Question type: multiple choice: testing understanding of the writer’s viewpoint
These questions test your ability to recognise specific points in a passage or to distinguish between what the passage says and what it does not say. In other words, you demonstrate your reading comprehension by indicating what, according to the passage, is correct.
These questions might also test your ability to identify the main idea of a section of a passage or an overall understanding of the entire reading passage.
One type of question that is used to test your understanding of the writer’s viewpoint is multiple choice. This question type can also be used to test other skills. It is important to understand how to answer questions of this type. Note that these questions usually follow the order of the text. This saves you time searching all over the text.
Multiple-choice questions offer a choice of answers. Often they are similar, but only one will be correct beyond a doubt. Some options are there to distract.
What do you need to do?
Step 1 Quickly survey the text – look at the title, and any other clues, read the first and last paragraph, look at the overall organisation of the text, read the first line of every paragraph.
Step 2 Identify key words in the question. Take special note of qualifying words such as definitely or always.
Step 3 Locate the part of the text the question refers to by scanning the appropriate part.
Step 4 Identify a similarly expressed idea in the text that exactly matches one of the options given.
Step 5 Check the other options in order to be completely sure that they do not also express the idea.
Optional: transfer your answers now to the answer sheet. Check spelling and grammatical accuracy as you go.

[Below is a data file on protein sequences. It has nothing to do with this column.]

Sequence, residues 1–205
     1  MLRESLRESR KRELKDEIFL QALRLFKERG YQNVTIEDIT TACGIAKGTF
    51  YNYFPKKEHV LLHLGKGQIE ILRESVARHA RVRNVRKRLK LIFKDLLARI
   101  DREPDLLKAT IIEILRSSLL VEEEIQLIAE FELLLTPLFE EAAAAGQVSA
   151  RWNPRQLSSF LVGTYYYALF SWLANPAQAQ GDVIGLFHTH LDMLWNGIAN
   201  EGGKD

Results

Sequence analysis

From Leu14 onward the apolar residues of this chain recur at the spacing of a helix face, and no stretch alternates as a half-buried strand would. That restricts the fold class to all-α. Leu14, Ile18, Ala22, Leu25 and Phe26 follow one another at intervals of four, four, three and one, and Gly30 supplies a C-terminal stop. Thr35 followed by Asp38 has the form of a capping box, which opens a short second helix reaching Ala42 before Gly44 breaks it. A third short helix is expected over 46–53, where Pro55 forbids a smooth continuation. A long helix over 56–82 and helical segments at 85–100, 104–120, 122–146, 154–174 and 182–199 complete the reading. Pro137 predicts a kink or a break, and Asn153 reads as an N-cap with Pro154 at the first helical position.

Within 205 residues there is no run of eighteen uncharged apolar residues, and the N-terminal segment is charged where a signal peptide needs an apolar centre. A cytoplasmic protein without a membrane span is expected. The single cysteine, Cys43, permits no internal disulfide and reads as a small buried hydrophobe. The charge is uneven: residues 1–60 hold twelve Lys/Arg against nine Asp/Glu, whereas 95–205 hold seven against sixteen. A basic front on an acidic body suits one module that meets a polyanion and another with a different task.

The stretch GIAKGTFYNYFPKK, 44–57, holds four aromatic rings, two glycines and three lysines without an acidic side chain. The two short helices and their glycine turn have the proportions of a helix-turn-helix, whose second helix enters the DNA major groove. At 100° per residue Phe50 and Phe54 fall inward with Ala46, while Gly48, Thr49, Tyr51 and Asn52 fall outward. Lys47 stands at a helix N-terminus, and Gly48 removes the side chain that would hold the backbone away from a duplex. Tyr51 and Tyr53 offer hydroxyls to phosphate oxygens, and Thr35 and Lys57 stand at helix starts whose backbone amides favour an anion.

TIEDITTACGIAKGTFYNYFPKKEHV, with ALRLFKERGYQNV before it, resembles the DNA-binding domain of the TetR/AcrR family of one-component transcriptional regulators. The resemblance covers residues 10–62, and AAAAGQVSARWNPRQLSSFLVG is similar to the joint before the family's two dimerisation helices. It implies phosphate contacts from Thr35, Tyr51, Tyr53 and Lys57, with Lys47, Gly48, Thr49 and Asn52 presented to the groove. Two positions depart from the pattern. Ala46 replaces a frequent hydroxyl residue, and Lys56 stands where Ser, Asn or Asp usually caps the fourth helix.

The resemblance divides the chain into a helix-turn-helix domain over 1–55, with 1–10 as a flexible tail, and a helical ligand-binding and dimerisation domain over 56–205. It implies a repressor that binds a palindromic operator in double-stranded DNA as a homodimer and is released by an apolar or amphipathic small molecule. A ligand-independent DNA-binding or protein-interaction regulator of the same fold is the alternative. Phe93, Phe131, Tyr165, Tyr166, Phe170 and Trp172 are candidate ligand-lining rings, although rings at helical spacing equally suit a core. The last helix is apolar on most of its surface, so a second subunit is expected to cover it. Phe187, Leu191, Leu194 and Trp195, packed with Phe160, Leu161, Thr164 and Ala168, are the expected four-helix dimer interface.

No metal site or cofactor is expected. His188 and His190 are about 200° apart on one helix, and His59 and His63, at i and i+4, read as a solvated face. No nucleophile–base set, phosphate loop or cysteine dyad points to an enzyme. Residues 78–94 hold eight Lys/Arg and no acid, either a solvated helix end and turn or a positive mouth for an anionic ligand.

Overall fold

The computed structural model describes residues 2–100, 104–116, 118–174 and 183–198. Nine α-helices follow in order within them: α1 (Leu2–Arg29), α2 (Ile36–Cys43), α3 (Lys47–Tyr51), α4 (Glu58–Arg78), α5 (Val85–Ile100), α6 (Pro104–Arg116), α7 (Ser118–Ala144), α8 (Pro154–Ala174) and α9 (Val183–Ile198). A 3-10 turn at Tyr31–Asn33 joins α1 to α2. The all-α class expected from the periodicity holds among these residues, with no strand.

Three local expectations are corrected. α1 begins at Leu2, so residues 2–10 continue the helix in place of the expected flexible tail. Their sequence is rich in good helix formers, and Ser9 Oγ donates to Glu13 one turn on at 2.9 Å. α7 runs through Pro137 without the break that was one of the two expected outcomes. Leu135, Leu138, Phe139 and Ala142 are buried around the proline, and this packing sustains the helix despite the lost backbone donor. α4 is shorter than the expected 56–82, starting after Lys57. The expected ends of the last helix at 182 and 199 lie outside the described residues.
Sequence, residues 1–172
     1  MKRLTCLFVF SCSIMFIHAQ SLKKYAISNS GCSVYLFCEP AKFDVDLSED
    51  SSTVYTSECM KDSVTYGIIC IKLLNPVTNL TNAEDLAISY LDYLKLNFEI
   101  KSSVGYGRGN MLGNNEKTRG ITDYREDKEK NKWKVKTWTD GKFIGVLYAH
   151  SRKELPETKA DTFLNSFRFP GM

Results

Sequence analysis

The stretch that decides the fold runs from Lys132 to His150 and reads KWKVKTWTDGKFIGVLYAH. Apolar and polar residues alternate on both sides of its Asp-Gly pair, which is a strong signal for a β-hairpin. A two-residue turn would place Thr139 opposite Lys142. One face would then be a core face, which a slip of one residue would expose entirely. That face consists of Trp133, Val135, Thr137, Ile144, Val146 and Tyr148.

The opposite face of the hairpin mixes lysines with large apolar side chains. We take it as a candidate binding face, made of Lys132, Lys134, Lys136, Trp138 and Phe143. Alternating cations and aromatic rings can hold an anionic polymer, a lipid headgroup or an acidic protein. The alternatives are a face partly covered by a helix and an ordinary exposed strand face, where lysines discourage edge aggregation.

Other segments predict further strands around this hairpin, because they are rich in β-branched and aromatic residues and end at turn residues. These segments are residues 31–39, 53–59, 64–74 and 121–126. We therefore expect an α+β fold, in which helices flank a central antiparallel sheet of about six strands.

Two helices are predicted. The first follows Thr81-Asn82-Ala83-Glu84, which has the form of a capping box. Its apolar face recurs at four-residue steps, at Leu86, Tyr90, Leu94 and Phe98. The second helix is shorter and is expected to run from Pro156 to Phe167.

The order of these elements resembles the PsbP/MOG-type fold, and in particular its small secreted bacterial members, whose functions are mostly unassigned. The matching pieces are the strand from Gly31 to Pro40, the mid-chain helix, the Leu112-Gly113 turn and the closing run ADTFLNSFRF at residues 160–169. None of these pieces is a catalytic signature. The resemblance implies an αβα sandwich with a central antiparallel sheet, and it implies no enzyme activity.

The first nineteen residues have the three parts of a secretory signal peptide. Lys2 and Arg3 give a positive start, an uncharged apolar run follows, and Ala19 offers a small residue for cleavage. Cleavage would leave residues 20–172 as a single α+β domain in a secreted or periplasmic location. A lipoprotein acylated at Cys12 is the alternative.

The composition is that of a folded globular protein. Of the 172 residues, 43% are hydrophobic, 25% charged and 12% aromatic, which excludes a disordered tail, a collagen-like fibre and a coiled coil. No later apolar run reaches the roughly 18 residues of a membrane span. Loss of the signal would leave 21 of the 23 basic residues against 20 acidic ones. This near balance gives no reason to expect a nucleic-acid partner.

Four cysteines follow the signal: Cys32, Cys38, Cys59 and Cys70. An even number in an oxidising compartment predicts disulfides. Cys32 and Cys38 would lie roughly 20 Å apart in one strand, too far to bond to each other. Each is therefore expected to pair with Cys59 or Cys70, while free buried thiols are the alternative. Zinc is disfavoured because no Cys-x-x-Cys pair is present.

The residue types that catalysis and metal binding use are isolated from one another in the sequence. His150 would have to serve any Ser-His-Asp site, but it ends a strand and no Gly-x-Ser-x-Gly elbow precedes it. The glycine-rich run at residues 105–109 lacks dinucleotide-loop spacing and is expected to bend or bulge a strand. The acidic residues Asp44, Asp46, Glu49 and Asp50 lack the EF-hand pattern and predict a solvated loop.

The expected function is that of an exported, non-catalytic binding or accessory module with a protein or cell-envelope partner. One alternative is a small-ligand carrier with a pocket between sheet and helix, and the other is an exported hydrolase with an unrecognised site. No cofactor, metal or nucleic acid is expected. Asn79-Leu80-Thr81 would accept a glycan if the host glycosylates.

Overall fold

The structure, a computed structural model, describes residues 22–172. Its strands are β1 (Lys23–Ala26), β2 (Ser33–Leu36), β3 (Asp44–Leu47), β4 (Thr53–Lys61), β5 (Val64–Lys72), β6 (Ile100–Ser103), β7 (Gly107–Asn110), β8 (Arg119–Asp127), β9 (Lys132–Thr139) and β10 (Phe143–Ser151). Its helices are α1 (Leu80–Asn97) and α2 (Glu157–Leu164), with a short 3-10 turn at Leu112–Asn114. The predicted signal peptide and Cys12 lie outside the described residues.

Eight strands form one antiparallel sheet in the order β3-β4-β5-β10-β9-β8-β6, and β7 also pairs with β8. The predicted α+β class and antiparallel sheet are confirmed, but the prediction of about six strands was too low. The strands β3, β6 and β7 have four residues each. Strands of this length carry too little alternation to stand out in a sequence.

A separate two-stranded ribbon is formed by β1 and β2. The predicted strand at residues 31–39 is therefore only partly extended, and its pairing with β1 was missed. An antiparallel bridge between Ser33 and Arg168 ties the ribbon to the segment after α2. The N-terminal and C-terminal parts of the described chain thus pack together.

GUIDED PRACTICE ACTIVITY
Read the passage and answer the multiple-choice question.
After years of focusing on the bad-and there are still legitimate concerns, for instance, about the psychological effects of certain violent games-scientists are increasingly examining the potential benefits of video games. Their studies are revealing that a wide variety of games can boost mental function, improving everything from vision to memory. Still unclear is whether these gains are long-lasting and can be applied to non-game tasks. But video games, it seems, might actually be good for the brain.
1 What, according to the writer, are scientists not sure about in relation to video games?
A If games can improve mental abilities. Does the text say they can?
B If violent games have negative effects on the brain. Does the text say they can?
C If there will still be benefits when you are doing other activities. Are there benefits?
D If memory and vision are improved. Are they?
2 Now reread the question. Which of these are scientists not sure about?
Read the passage below and answer the multiple-choice questions
Ifs payday or, more accurately, pocket money day, and Julia Spargo-Ryan, 15, is cashed up. Like clockwork, $50 is transferred every Wednesday from her parents account to hers. The Wesley College student also earns around $150 per week from a part-time job. Her parents pay for her mobile phone and occasionally give her extra money. Julia spends her money on clothes, movie tickets and snacks. She has to help out around the house, but does no specific tasks.
3 What is the best way to describe how Julia gets her money?
Now read the passages below and answer the True/False/Not Given questions.
Han-Seok Seo, study leader of the Seoul National University in South Korea, and his colleagues conducted their tests on four groups of adult male Wistar rats stressed from sleep deprivation. The aim of the study was to demonstrate influences of roasted coffee aroma on rat brain functions and evaluate the impact. After testing, the impact was conclusive; roasted coffee bean aroma changes the mRNA and protein levels of the rat brain. This showed for the first time that valuable proteins with healthy antioxidant properties, which are important in protecting cells from stress, were found in the brains of the coffee-sniffing rats.